Catherine told me about two cases that illustrate how lean methods can help those with learning disabilities improve their self-confidence and independence at work. One worker, let’s call them A, struggles with work following a significant brain injury. Shyness means A is not keen on too much customer interaction, although independent and able to work as part of a team without immediate supervision.
A works twice a week, but not two consecutive days and as a result would struggle to recall practices and procedures. One such practice is dividing compostable and non-compostable waste, however by using visual aids and standard practice management to show which bin different waste goes into, there have been no issues with waste divisions and A is able to work independently with less supervision.
A has an ability for grading and quality control, but often threw away alive or dormant plant material. By introducing the Lean 5S Auction Area mentioned above, the individual now places all plant material to be thrown away in the area to be inspected, thereby reducing unnecessary wastage of plants.
A also occasionally struggled to remember where the tools used frequently are stored even though visual aids were provided, so each worker was allocated their own bucket with tools under their seat in the recreation area, so they have just one place to look instead of several.
Another very enthusiastic worker, B has issues with eyesight and spatial awareness and as such can be accident prone. Due to the different teams of individuals working at different times, over different days, the need for visual and best practice management is vital.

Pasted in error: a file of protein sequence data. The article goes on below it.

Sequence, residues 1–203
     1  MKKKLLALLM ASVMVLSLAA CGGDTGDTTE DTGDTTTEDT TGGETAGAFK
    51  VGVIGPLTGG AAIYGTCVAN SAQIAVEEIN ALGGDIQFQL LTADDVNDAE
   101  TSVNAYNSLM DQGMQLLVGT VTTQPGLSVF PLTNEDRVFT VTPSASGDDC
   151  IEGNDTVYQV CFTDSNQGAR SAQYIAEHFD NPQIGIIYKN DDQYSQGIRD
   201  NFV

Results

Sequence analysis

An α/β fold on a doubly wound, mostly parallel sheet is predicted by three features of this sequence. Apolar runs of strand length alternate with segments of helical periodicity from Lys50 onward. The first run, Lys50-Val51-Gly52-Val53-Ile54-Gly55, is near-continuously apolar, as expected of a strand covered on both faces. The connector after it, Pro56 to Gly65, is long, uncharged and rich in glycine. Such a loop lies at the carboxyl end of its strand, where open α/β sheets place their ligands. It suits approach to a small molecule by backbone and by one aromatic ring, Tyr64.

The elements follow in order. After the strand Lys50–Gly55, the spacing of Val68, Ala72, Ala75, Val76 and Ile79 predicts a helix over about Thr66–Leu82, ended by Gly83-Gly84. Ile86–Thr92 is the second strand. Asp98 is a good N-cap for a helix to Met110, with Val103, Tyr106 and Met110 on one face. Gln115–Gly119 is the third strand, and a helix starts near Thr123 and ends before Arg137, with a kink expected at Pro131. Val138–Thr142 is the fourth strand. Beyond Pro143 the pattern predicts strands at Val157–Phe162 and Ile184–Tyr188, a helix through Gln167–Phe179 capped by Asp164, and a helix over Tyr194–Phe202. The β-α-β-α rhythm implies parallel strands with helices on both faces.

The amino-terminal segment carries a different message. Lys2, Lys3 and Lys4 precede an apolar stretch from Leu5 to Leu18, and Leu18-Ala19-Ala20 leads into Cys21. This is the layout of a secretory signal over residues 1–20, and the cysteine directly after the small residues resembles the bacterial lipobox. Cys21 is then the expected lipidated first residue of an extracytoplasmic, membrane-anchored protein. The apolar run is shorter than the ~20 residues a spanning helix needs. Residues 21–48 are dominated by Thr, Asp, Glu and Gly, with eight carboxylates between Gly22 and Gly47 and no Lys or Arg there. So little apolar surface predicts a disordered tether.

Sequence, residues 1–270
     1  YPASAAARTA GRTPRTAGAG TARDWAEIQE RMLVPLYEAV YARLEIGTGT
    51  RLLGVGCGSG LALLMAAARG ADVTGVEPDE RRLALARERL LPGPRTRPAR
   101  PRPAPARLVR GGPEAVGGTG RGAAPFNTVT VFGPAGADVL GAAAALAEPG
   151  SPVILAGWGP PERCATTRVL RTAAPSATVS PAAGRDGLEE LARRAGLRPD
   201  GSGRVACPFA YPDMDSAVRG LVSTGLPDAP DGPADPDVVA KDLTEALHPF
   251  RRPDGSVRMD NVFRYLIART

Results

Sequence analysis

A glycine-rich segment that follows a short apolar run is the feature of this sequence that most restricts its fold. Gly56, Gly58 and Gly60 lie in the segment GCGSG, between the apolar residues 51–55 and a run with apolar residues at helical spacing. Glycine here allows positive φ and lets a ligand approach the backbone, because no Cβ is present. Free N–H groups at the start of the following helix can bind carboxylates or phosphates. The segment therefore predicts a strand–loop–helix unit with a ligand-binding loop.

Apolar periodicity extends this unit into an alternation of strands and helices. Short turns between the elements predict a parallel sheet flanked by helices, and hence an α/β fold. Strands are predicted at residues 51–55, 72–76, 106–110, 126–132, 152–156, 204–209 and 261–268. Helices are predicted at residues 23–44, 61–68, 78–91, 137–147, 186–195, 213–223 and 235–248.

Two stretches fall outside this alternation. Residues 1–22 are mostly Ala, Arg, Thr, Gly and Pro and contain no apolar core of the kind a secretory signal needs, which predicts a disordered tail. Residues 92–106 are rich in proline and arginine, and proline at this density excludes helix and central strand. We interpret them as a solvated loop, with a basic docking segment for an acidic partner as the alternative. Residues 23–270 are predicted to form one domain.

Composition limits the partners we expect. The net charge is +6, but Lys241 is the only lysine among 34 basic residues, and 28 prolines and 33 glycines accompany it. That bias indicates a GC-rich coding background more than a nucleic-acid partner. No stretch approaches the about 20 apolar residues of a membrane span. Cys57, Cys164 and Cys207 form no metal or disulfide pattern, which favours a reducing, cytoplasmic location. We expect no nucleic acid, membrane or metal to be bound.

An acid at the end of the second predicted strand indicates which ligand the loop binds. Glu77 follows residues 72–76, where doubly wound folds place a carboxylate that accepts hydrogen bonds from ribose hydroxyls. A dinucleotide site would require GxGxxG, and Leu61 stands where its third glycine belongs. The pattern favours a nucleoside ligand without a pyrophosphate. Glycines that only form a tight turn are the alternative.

For example, when watering, the hose reel was often put in different places around the garden centre and, once finished with, individuals would often wind up the hose and leave it wherever they were watering. Unfortunately, B once tried moving past a wound hose reel, tripped and suffered an injury.
To avoid such accidents there are now two specific places painted on the floor so the hose is always in a safe position, whether it is being used or stored. B, and others, tended to leave tools wherever they were working, but by using visual aids to show where tools are stored has reduced this practice with tools being put away at the end of a task, without prior prompting.
Another problem was overuse of mugs with each team member choosing a different mug up to three times a day because they couldn’t remember which they had previously used. The team introduced named hooks and a photograph of the team member with their allocated mugs are placed alongside the corresponding hook, so every team member, whether literate or not, can see where each mug goes.
Visual instruction is also being used by Catherine at another council site – a sensory garden at a day centre for individuals with profound and multiple disabilities. Picture boards, such as those found in retail sales displays, are being Introduced to provide visual instruction for the individuals and their carers, so they know which plants are sensory, interactive, and why.
About the author
Neil Fedden is the owner and managing consultant of Fedden USP